An opinion on the assessment of people who may have an auditory processing disorder

Harvey Dillon*, Sharon Cameron, Helen Glyde, Wayne Wilson, Dani Tomlin

*Corresponding author for this work

Research output: Contribution to journalComment/opinionpeer-review

66 Citations (Scopus)

Abstract

We need to rethink how we assess auditory processing disorder (APD). The current use of test batteries, while necessary and well accepted, is at risk of failing as the size of these batteries increases. To counter the statistical, fatigue, and clinical efficiency problems of large test batteries, we propose a hierarchical approach to APD assessment. This begins with an overall test of listening difficulty in which performance is measurably affected for anyone with an impaired ability to understand speech in difficult listening conditions. It proceeds with a master test battery containing a small number of single tests, each of which assesses a different group of skills necessary for understanding speech in difficult listening conditions. It ends with a detailed test battery, where the individual tests administered from this battery are only those that differentiate the skills assessed by the failed test(s) from the master test battery, so that the specific form of APD can be diagnosed. An example of how hierarchical interpretation of test results could be performed is illustrated using the Listening in Spatialized Noise - Sentences test (LiSN-S). Although consideration of what abilities fall within the realm of auditory processing should remain an important issue for research, we argue that patients will be best served by focusing on whether they have difficulty understanding speech, identifying the specific characteristics of this difficulty, and specifically remediating and/ or managing those characteristics.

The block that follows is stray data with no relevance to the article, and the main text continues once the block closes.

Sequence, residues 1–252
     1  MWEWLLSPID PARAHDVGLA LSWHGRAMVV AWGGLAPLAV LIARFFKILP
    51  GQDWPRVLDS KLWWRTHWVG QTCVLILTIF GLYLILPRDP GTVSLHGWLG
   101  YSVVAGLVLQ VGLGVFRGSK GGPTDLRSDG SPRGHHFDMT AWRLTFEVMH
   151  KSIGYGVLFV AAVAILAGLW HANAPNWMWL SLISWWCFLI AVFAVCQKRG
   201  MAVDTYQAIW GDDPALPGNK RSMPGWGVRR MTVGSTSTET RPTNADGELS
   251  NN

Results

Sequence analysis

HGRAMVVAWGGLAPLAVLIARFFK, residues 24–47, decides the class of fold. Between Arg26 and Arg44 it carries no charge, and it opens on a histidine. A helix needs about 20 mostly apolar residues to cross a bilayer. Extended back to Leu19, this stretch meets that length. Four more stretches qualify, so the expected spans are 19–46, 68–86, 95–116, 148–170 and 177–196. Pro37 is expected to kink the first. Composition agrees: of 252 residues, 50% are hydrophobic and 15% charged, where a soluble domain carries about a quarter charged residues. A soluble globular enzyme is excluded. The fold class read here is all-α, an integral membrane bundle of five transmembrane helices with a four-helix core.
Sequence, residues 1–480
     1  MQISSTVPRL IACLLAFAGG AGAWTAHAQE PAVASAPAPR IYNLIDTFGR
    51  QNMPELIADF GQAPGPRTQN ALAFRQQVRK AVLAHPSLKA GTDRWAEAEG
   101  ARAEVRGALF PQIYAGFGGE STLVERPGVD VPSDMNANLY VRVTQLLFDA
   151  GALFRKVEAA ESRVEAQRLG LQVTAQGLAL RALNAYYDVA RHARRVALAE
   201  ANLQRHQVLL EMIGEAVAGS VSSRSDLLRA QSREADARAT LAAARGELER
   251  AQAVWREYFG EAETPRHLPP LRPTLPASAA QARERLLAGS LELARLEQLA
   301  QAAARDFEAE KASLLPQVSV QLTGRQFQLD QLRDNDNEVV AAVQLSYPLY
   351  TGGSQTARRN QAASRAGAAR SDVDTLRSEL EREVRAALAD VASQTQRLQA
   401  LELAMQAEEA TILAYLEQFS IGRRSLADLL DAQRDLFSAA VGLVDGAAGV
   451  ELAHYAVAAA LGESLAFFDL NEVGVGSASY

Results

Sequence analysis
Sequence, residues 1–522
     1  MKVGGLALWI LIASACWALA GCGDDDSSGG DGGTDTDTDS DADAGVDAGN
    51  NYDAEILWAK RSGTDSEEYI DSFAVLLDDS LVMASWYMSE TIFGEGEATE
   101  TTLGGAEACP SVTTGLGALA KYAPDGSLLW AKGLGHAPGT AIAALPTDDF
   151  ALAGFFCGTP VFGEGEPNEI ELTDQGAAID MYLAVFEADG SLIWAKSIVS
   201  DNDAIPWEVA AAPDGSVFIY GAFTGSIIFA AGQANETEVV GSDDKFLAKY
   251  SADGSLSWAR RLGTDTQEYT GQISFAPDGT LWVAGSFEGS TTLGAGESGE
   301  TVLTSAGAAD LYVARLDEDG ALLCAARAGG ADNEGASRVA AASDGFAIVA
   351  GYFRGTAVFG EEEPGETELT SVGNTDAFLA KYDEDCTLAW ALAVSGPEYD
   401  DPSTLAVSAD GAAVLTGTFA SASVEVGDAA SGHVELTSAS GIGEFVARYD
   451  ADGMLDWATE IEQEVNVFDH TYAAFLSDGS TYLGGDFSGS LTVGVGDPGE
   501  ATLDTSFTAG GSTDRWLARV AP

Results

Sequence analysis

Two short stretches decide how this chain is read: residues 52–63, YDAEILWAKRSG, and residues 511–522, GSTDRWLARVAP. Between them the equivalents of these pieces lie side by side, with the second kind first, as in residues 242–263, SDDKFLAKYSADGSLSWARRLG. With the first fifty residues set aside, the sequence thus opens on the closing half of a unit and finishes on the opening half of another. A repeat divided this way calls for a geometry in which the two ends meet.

Original languageEnglish
Pages (from-to)97-105
Number of pages9
JournalJournal of the American Academy of Audiology
Volume23
Issue number2
DOIs
Publication statusPublished - Feb 2012
Externally publishedYes

Keywords

  • Auditory processing disorder
  • Diagnostic techniques
  • Spatial processing

Fingerprint

Dive into the research topics of 'An opinion on the assessment of people who may have an auditory processing disorder'. Together they form a unique fingerprint.

Cite this